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Phantom Power – The Basics

Whenever you see a XLR microphone, there is a good chance that it requires what is called Phantom Power in order to work. Phantom power is simply DC voltage (usually 48V) that is sent through the XLR cable to power the electret condenser microphone. If you see a microphone that has an “on/off” switch next to the power LED, this usually indicates that the microphone can be powered either by Phantom Power or by batteries.

 

It is important to note that not all microphones require Phantom Power. For example, if you are using a dynamic microphone such as the Shure SM58, then you will not need any sort of external power source since the dynamic microphone does not require power to work. The only time you would need to provide power to a dynamic microphone is if you want to use an active DI box with it, but we’ll get into that later.

How Does Phantom Power Work?

To understand how Phantom Power works, we first need to understand what an electret condenser microphone is and how it works. An electret condenser microphone contains a capacitor which needs constant voltage in order for it to function properly. This is where Phantom Power comes in – it provides the necessary voltages through the XLR cable so that the electret condenser microphone can function properly. 

 

It’s important to note that not all microphones are created equal. Some microphones are designed to work with specific types of audio equipment while other microphones are more general purpose and can work with a wider range of equipment. For example, some microphones are designed to work specifically with mixing consoles while other microphones can work with both mixing consoles and standalone recorders.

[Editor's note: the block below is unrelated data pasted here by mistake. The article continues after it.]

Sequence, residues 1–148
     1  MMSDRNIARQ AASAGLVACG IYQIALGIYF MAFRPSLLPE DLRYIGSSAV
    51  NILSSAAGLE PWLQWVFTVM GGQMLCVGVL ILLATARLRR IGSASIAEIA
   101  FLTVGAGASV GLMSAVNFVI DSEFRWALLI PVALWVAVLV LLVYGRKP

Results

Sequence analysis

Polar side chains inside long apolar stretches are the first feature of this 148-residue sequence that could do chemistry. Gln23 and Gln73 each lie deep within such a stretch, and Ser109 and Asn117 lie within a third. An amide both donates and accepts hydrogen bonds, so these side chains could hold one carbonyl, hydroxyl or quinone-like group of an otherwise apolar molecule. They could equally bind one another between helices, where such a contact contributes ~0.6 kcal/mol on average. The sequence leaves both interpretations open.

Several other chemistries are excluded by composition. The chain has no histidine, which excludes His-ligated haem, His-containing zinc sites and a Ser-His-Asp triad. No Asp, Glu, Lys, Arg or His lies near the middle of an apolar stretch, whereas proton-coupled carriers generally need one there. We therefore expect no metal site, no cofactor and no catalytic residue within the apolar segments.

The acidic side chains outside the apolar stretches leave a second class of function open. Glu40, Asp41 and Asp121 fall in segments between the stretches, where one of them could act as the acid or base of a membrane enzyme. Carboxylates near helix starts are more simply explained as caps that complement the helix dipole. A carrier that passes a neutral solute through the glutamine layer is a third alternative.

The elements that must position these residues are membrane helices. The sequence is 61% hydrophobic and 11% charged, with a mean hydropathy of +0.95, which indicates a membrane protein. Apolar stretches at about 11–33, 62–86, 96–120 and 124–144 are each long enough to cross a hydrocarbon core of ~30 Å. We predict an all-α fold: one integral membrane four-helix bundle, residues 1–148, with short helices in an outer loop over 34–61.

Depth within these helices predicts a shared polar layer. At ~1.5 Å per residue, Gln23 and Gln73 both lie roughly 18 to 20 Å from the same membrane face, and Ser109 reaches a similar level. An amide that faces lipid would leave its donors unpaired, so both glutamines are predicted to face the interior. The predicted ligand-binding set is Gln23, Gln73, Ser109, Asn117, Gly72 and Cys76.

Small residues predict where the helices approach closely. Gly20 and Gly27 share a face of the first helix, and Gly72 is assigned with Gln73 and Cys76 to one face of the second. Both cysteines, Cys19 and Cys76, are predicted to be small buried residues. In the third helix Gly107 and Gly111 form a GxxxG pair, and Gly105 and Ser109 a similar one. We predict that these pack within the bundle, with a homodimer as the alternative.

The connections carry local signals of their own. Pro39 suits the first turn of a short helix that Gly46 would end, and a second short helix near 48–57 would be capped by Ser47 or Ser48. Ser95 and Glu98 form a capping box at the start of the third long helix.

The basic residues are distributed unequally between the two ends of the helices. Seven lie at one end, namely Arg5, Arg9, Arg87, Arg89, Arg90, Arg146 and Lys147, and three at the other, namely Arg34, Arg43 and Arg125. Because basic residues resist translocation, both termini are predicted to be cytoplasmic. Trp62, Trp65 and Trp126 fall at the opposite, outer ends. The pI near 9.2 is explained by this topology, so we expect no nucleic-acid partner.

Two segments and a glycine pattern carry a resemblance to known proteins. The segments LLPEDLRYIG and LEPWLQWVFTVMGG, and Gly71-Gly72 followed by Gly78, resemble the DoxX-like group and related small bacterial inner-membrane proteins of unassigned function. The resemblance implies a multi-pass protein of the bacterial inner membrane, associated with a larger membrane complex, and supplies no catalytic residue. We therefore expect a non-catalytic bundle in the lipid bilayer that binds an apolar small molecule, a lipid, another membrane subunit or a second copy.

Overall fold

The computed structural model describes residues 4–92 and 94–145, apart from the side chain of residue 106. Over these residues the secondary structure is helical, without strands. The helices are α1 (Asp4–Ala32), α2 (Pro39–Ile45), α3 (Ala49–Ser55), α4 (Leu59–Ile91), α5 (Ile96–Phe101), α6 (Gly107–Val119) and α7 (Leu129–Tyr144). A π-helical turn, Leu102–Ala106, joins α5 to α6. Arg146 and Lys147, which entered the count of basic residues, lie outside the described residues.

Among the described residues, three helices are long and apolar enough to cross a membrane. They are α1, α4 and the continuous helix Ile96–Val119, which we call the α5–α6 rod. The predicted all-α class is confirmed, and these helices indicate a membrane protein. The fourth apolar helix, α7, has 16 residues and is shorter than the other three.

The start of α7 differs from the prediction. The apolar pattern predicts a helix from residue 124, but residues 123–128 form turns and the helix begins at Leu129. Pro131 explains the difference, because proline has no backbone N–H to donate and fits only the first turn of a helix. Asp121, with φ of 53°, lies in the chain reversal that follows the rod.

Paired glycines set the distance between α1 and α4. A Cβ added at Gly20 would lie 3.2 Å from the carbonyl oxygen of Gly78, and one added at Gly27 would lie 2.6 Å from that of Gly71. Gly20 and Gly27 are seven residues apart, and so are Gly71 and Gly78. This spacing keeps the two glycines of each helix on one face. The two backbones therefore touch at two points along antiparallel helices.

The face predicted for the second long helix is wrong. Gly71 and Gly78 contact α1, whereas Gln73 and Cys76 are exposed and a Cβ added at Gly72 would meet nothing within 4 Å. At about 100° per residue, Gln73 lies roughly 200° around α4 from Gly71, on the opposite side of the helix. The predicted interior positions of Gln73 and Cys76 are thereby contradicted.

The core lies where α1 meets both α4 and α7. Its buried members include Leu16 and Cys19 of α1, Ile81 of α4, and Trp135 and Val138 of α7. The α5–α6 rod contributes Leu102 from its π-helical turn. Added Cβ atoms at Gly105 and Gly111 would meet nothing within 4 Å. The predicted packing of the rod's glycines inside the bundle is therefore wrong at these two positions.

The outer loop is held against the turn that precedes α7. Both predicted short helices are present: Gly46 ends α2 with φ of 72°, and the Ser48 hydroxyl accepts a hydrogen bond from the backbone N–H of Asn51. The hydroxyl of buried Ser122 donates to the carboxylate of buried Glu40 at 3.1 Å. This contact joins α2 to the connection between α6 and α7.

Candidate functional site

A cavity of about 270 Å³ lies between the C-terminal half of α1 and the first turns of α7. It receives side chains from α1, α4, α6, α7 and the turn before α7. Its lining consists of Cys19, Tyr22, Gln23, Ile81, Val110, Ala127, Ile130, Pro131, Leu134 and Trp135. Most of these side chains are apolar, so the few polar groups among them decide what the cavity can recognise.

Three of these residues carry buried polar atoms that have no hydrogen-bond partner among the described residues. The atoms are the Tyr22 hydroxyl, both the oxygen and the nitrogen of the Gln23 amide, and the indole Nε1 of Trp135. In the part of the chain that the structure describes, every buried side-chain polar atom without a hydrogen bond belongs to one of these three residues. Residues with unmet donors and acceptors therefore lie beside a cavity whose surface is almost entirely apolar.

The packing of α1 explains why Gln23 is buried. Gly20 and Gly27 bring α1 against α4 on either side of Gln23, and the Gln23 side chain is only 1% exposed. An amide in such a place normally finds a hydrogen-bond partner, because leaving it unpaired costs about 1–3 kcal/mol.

ACTIVE DI BOXES

As previously mentioned, phantom power can also be used to power active DI boxes. A DI box (direct injection box) is a device that allows you to connect an instrument such as a guitar or keyboard directly into a mixer or recorder. The active DI box contains its own internal power supply which allows it to provide phantom power to the connected instrument. 

 

The main benefit of using an active DI box is that it can help reduce noise by isolating the signal from the ground loop. A ground loop occurs when there is a difference in ground potential between two devices which causes a current to flow between them. This current flowing between the devices can cause interference in the audio signal which results in a humming sound. By using an active DI box, you can effectively eliminate ground loops and minimize interference. 

Go Forth, Rebel Artist.

Phantom power is simply DC voltage (usually 48V) that is sent through the XLR cable to power the electret condenser microphone. It is important to note that not all microphones require Phantom Power – only those that contain a capacitor which needs constant voltage in order for it to function properly (i.e. electret condenser microphones). Active DI boxes also require phantom power in order to work since they contain their own internal power supply. The main benefit of using an active DI box is that it can help reduce noise by isolating the signal from the ground loop which can cause interference in the audio signal.